Turkey has 12 observation posts in the northwestern province of Idlib after the 2018 agreement between Russia and Turkey to prevent a Damascus-led offensive
Turkey on Saturday hit back at Russian accusations of failing to honour a 2018 deal by insisting it carried out its responsibilities in Idlib, Syria's last major rebel bastion.
"Observation posts were set up and the regime had to stay outside of this area. Russia and Iran were to ensure the regime stayed outside, Turkey had responsibilities too, Turkey fulfilled these," Turkish Vice-President Fuat Oktay told NTV broadcaster.
"Undertaking an extremely risky and difficult duty, Turkey took real initiative to stop the bloodshed of civilians, to prevent a new migration wave and to ensure it did not become a terror nest."
Turkey has 12 observation posts in the northwestern province of Idlib after the 2018 agreement between Russia and Turkey to prevent a Damascus-led offensive.
Up to four of Turkey's posts are now in Syrian regime-controlled territory, Turkish officials say.
Turkey and Russia have been embroiled in a war of words over Idlib as the Syrian regime backed by Moscow has intensified an assault, killing hundreds of civilians.
The Russian defence ministry said earlier this week Turkey did not separate "fighters from the moderate opposition from terrorists."
Turkish Defence Minister Hulusi Akar then said on Thursday force would be used against anyone who did not adhere to the ceasefire, including "radicals."
Idlib is held by an array of rebels dominated by the Hayat Tahrir al-Sham (HTS) jihadist group, which is led by members of the country's former Al-Qaeda franchise.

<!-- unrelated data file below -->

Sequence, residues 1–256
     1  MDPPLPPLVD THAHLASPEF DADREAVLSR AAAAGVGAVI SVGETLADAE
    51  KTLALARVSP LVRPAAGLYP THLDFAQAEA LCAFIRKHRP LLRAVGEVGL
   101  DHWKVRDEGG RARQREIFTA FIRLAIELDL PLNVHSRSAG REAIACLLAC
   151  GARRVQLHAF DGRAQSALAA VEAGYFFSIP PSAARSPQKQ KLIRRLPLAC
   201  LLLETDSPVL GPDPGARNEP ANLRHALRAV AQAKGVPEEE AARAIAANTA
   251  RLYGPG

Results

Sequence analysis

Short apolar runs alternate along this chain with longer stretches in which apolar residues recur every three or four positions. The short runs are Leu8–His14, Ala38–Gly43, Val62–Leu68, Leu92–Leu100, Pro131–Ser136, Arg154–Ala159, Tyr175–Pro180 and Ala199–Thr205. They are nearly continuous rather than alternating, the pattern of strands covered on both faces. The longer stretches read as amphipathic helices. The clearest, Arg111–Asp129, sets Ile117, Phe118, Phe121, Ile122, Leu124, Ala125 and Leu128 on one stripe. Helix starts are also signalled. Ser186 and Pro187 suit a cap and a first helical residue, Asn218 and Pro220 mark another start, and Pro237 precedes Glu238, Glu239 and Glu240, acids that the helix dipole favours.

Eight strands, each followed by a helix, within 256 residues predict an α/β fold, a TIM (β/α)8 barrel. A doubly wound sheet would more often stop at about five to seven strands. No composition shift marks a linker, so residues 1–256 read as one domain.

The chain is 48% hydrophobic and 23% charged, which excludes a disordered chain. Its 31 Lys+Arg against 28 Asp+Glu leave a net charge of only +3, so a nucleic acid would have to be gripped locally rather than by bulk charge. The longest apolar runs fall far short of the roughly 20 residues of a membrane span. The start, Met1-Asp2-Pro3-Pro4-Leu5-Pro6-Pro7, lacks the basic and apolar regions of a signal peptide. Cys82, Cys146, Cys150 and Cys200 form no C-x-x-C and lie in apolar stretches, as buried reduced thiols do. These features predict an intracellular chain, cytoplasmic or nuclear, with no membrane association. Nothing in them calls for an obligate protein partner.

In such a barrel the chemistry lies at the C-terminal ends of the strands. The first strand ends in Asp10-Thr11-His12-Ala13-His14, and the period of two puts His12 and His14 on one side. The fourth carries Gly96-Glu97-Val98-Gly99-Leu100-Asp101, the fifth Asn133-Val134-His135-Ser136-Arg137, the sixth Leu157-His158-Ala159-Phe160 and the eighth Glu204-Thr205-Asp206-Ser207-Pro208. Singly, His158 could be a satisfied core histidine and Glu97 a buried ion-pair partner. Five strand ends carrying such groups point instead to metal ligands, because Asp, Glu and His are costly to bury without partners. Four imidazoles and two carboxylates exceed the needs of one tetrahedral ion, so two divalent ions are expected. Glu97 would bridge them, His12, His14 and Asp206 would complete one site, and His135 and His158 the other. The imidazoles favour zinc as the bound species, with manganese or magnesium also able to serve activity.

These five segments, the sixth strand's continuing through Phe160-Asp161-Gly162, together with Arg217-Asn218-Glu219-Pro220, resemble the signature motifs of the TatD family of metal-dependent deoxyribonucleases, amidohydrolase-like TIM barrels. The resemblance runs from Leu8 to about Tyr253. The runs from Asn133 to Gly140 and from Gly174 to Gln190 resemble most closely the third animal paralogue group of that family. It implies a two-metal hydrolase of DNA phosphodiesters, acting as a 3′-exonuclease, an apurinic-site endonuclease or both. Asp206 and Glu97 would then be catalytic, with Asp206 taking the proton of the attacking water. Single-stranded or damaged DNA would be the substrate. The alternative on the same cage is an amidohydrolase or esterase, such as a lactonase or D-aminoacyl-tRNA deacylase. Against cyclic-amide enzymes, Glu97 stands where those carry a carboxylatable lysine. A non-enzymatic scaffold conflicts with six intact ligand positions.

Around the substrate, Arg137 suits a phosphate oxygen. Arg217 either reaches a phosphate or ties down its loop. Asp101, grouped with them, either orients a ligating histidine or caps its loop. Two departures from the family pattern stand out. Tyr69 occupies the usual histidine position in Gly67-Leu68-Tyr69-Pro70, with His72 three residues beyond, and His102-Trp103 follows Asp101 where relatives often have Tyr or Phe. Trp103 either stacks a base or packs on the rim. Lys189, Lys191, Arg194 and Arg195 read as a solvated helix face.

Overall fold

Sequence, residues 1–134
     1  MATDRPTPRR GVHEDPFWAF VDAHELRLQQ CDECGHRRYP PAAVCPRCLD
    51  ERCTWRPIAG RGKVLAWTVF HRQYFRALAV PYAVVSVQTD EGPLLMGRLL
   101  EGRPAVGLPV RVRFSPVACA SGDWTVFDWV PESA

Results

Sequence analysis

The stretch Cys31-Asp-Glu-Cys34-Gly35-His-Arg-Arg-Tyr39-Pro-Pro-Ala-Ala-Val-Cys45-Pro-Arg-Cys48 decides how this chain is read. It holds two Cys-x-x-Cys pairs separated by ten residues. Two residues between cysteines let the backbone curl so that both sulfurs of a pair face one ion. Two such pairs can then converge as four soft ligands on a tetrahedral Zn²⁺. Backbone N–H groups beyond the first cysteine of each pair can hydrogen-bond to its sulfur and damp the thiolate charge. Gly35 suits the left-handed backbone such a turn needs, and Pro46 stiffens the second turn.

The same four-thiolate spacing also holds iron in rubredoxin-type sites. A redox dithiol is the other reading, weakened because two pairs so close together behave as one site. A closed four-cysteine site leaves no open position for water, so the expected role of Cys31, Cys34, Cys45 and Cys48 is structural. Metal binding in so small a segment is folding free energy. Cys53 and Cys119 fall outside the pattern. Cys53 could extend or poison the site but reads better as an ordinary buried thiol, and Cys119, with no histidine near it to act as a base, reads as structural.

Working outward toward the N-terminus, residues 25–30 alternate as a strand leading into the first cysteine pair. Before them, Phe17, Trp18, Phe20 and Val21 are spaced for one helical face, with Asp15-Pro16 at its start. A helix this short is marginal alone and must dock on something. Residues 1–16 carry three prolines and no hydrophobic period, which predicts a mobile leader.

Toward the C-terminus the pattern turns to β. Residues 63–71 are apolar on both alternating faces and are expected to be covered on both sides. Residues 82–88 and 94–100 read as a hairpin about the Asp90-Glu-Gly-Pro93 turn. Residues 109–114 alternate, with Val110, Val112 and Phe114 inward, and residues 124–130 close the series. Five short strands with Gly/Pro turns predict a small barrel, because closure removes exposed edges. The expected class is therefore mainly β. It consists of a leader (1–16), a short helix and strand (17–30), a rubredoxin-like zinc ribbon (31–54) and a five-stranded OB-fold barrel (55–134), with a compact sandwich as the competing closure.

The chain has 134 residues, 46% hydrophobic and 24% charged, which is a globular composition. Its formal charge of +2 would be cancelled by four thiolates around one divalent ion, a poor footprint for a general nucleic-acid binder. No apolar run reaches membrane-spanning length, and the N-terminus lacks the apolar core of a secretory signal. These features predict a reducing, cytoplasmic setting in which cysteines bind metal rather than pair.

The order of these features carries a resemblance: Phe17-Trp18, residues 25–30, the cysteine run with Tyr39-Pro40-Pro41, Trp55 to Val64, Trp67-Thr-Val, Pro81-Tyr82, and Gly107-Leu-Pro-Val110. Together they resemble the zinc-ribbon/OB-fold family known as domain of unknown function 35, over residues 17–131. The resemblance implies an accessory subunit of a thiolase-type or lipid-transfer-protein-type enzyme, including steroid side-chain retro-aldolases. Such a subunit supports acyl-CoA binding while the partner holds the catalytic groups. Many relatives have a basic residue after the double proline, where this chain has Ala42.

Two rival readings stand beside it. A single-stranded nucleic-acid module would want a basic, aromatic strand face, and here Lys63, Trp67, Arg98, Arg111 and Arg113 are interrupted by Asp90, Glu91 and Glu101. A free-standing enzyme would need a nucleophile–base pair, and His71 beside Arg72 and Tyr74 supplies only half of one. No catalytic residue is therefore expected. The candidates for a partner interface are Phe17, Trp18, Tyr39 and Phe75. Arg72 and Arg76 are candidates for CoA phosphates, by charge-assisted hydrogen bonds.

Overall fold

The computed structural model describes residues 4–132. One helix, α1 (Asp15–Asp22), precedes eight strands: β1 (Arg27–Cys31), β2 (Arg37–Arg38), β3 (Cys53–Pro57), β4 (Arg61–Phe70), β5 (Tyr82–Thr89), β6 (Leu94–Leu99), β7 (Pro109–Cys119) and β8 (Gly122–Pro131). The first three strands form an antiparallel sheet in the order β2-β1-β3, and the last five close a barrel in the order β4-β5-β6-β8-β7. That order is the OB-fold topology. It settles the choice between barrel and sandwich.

The tensions began after 14 Turks were killed this month by regime shelling in Idlib.
Turkish President Recep Tayyip Erdogan asked the Syrian regime to withdraw from Turkish-manned posts by the end of February, warning that otherwise Ankara will "take matters into its own hands."
Turkish Foreign Minister Mevlut Cavusoglu later on Saturday repeated the threat that Turkey would "take necessary measures" if diplomatic efforts with Russia failed.
Despite being on opposing sides, rebel supporter Turkey and Moscow ally Russia have worked closely on Syria.
Cavusoglu told reporters he would hold talks with Russian counterpart Sergei Lavrov on Saturday afternoon at the Munich Security Conference.
A Turkish delegation will go to Moscow on Monday, the minister added.
"Russia's role here is very important because we all know what influence it has on the regime and it is the regime's guarantor," Cavusoglu said.
Turkey says it wants to stop the Damascus regime's "aggression" in a bid to stop the deaths of civilians and to prevent a wave of refugees fleeing to Turkey.
The assault has forced 800,000 people to flee since December, according to the United Nations.
Turkey is already home to more than 3.6 million Syrian refugees. "Turkey cannot withstand another migration wave," Oktay said.
In recent days, Turkey has sent multiple military reinforcements to Idlib, and Hurriyet daily on Saturday reported that a 60-vehicle convoy carrying commandoes and armoured carriers was sent to beef up the Turkish posts.